## Microsoft Interview Question

Applications Developers**Country:**India

**Interview Type:**Written Test

Each integer has 32 bits. So, it can accommodate at-least 9 digits.

The idea is club as many numbers as possible to a single number. While clubbing we have to maintain the number of digits of each number being clubbed. Hence, if input number is 'xyz', then in output we have to write 4xyz. While decoding, use these extra digits as delimiters.

Example:

If we have [1,2,3,4,5,20,123], we can convert into [11121314,152203123] .

Initial memory required=7*4=28 bytes

After compression, memory required=2*4=8 bytes.

I dont think MS wants to test our Data Compression Skill set. I would go for Run Length Encoding which is the simplest.

This is my approach

1. Create a int array of size 10 +1 for separator.

2. Loop through each integer and update its frequency for [111,1923] => 0,4,1,1,0,0,0,0,0,1,1

3. Construct Huffman tree with these most frequently occurred near root.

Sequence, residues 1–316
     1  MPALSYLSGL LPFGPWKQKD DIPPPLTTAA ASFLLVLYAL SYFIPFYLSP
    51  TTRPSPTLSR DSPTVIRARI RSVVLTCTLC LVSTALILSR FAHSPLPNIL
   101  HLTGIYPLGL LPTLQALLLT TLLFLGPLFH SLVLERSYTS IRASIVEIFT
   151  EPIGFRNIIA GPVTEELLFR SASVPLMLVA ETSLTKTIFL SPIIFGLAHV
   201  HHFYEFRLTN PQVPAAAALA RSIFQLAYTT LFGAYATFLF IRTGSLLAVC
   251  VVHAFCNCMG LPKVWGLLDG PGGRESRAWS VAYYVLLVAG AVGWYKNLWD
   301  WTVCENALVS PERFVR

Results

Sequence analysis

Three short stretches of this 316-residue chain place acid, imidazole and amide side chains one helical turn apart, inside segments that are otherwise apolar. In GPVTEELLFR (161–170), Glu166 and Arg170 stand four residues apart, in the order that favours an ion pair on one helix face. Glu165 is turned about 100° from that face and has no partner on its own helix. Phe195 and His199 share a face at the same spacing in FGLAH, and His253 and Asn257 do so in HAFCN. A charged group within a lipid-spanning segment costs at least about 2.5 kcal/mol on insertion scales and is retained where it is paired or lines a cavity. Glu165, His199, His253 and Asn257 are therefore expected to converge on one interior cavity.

4. Compress the data and return byte[].

5. Do the inverse in uncompress take byte[] and return int[].

Write two functions:

First function takes in an array and returns the compressed data in any format.

Second function takes in the compressed data and returns the array in original format.

i consider most of these answers as over engineering. Almost all of them have missed the fact that the given list is a "sequence". All you need to do is write the first digit of each sequence and the actual sequence length and keep repeating.

For e.g. 1, 2, 3 7, 8, 13, 17, 18, 19, 20 becomes 1,3,7,2,13,1,17,5

I meant.. 1,3,7,2,13,1,17,4.

But you get the point. Larger the sequence, better is the result.

I think you're misinterpreting the usage of the word "sequence" here. I doubt that the term "sequence" in the problem statement was meant to mean anything special. I think the question is just "Given an array of integers, how would you compress that?"

Another approach is to change from base 10 to larger base like base 67.

- Anonymous November 16, 2012